This alumnus has been Hilton Head Island’s only oncologist for 25 years, but it’s hardly been a vacation, as few oncologists in the country have seen more patients than he has.
By Gary W. Thomas ’83
I was Just finishing up a fellowship in hematology and oncology at the Comprehensive Cancer Center at Wake Forest University in 1993 when I came across an intriguing ad in the Journal of Clinical Oncology. It showed a doctor wearing a white lab coat over a bathing suit while lying on a lounge chair on the beach reading a medical textbook. Hilton Head Hospital was looking for an oncologist. Although I had grown up in Charleston, I had never been to Hilton Head and decided to look into it.
A few weeks later, on the backcountry road from Charleston to Hilton Head, I started to have second thoughts because I had been on the road for an hour and had not seen another car – and I still had another hour to go! I pulled into this lone gas station to find a pay phone and called my dad, a very sensible man who graduated from the College in 1943.
“This is the middle of nowhere,” I told him. “I don’t think I want to go through with this interview.”
“You’ve given your word that you’d be there,” he said. “If you don’t like what you see, you can always turn them down.”
There still weren’t many signs of life as I got closer to the island. It wasn’t until I crossed the bridge and saw how beautiful it was with the Harbour Town Lighthouse off to right that I had any thought of considering it.
Hilton Head had a population of about 30,000 people and no oncologist. Residents had to go to Savannah or Charleston just to get basic care. It was very exciting to think of building my own practice from the ground up, but it was also very scary because I didn’t know the first thing about running a business, and I’d be completely on my own. It would have been a lot easier to join an established practice, but I was up for the challenge and accepted the offer after the hospital agreed to help me set up my office with a nurse and an assistant. I still have the same assistant, Saundra Punzel, 25 years later.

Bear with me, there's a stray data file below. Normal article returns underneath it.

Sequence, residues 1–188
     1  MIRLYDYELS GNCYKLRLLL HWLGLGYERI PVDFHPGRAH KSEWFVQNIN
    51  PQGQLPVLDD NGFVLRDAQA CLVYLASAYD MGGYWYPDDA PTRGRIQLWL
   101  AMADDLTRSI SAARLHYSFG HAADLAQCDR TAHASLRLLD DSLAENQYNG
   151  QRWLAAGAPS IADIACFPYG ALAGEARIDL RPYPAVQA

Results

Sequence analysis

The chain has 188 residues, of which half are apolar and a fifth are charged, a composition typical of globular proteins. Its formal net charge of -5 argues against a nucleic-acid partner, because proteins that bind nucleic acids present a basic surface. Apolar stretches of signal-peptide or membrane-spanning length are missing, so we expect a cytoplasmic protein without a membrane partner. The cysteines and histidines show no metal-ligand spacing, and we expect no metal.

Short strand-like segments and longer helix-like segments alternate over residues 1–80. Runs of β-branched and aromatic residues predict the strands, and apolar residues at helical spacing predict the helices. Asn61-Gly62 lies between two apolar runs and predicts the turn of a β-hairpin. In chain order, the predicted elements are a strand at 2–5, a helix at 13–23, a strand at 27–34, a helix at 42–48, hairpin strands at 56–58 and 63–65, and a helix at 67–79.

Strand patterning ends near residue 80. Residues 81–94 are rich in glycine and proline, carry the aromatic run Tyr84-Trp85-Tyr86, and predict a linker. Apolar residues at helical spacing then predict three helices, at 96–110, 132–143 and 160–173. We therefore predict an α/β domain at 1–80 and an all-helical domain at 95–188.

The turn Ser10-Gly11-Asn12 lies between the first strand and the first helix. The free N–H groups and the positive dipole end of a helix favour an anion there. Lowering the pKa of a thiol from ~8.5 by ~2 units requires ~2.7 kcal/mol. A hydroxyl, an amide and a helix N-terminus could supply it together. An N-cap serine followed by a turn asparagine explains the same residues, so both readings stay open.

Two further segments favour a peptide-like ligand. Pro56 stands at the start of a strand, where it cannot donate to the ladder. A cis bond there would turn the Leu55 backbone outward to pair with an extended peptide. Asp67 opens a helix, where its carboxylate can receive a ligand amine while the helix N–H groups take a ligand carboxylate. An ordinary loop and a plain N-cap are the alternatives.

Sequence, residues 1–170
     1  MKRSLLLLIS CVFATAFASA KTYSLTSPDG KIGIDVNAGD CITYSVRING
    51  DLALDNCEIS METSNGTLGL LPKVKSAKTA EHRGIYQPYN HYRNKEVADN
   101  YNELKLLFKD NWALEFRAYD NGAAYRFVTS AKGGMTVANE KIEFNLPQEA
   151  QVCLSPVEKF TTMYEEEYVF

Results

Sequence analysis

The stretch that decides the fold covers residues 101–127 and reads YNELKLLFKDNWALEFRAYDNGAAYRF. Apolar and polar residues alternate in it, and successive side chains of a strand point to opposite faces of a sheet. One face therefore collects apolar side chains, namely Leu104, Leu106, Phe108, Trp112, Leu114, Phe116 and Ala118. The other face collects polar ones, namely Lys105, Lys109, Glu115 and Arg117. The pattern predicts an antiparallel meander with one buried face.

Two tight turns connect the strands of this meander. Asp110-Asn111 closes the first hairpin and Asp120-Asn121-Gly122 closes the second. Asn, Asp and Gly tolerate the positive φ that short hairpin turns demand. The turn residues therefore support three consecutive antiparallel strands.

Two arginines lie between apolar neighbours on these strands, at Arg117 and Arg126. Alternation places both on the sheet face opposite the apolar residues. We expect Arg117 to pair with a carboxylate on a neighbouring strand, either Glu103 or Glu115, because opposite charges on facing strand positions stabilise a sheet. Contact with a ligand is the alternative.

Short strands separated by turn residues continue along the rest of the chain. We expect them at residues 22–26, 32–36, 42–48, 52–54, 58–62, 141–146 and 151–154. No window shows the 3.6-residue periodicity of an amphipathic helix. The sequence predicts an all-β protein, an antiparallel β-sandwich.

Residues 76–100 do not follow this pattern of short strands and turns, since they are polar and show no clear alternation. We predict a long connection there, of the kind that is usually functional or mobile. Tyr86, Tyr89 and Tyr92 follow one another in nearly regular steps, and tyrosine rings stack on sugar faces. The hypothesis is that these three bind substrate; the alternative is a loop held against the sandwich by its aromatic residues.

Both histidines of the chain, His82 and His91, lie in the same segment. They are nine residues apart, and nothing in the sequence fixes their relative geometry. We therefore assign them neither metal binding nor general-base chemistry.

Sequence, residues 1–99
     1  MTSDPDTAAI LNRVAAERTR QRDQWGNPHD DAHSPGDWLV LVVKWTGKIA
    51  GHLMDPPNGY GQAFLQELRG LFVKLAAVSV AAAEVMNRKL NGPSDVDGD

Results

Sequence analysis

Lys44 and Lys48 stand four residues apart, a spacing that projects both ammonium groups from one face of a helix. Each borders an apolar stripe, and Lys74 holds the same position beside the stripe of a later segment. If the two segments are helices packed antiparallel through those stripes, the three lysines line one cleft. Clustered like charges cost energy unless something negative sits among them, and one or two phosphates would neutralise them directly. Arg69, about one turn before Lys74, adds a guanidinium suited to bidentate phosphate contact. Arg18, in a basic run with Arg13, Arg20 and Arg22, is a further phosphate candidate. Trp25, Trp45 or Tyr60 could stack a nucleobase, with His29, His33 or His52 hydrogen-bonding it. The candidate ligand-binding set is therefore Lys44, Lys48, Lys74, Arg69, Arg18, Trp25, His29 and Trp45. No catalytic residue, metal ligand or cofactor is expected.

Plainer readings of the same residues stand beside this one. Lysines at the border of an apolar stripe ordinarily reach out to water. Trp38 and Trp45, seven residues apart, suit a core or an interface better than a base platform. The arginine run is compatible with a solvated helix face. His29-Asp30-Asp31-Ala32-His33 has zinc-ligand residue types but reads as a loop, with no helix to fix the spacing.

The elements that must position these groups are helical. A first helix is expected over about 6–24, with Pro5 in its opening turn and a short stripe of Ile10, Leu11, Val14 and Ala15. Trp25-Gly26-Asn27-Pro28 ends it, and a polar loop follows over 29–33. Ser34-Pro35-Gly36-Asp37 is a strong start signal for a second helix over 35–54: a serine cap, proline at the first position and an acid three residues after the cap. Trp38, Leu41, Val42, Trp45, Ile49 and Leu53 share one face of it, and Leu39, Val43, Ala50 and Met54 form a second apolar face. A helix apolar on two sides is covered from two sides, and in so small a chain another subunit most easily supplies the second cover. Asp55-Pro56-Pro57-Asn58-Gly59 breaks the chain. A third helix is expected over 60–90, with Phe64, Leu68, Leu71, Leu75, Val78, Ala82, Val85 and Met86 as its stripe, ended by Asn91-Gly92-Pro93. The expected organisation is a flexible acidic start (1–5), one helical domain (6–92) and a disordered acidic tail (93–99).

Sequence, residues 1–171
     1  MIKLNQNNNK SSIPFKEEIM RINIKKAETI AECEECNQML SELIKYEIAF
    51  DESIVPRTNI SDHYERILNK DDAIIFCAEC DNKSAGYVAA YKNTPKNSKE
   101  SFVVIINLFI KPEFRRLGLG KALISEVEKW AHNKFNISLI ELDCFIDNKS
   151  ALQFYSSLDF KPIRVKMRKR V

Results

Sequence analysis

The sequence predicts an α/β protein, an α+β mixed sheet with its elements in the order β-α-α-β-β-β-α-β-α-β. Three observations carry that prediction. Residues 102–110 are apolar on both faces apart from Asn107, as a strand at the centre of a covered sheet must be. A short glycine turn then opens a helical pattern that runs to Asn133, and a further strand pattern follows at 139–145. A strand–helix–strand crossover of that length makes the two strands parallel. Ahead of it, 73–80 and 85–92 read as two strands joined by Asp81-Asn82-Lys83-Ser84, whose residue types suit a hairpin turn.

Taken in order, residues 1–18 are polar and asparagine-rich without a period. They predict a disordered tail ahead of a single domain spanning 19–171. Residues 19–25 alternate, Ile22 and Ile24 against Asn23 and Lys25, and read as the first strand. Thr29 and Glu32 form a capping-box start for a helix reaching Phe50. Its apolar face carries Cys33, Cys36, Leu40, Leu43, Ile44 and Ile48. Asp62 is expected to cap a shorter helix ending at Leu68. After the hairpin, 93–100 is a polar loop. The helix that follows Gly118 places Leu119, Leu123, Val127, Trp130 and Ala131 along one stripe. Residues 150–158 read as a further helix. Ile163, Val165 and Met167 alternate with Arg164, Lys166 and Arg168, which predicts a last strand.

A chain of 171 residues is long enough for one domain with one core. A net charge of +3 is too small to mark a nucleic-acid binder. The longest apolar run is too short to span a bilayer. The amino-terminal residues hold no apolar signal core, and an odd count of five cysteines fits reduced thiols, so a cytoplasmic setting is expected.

I was 31 when I arrived in Hilton Head, but I looked 21. People called me Doogie Howser [the titular character in the early ’90s ABC series about a medical prodigy]. It was trial by fire. I had six patients my first day and still remember each and every one, especially my first patient. She was 29 years old, five months pregnant and she had one of the worst breast cancers I’ve ever seen to this day. My first patient! The idea of giving chemotherapy to a pregnant woman terrified me, so I called one of my professors at Wake, Dr. Hyman Muss, a breast cancer genius.
“Oh, it’s Gary Thomas,” I overheard the fellow who answered the phone say to Dr. Muss. “He’s already calling back. He doesn’t know what to do with his first patient.”
One of the biggest challenges of being a doctor in a small town is there aren’t other doctors to collaborate with for other opinions. You’re totally reliant on the quality of the local pathology and radiology. I made sure we sent out a lot of second-opinion pathologies. Even today, with immunotherapy, we really need a multidisciplinary team, but we don’t have an endocrinologist or an infectious disease doctor at Hilton Head Hospital, so I’ve sort of become a jack of all trades.
There are only about 10,000 active oncologists in the country, so recruiting a partner has been difficult: If they’re not into golf, tennis, the beach or boating, there’s not a lot to do here. Most of them want a big city with wine bars and a lot of doctors to cover for them. Younger doctors care more about a healthy work-life balance – and that’s good, because in the old days, it was hell on earth and counterproductive. I might have lived in a resort, but I didn’t have a vacation for the first five years I was here. It was hard to even leave the island to visit my family in Charleston because I could be called at any moment to deal with an emergency. There was very little, if any, lounging on a beach chair, that’s for sure.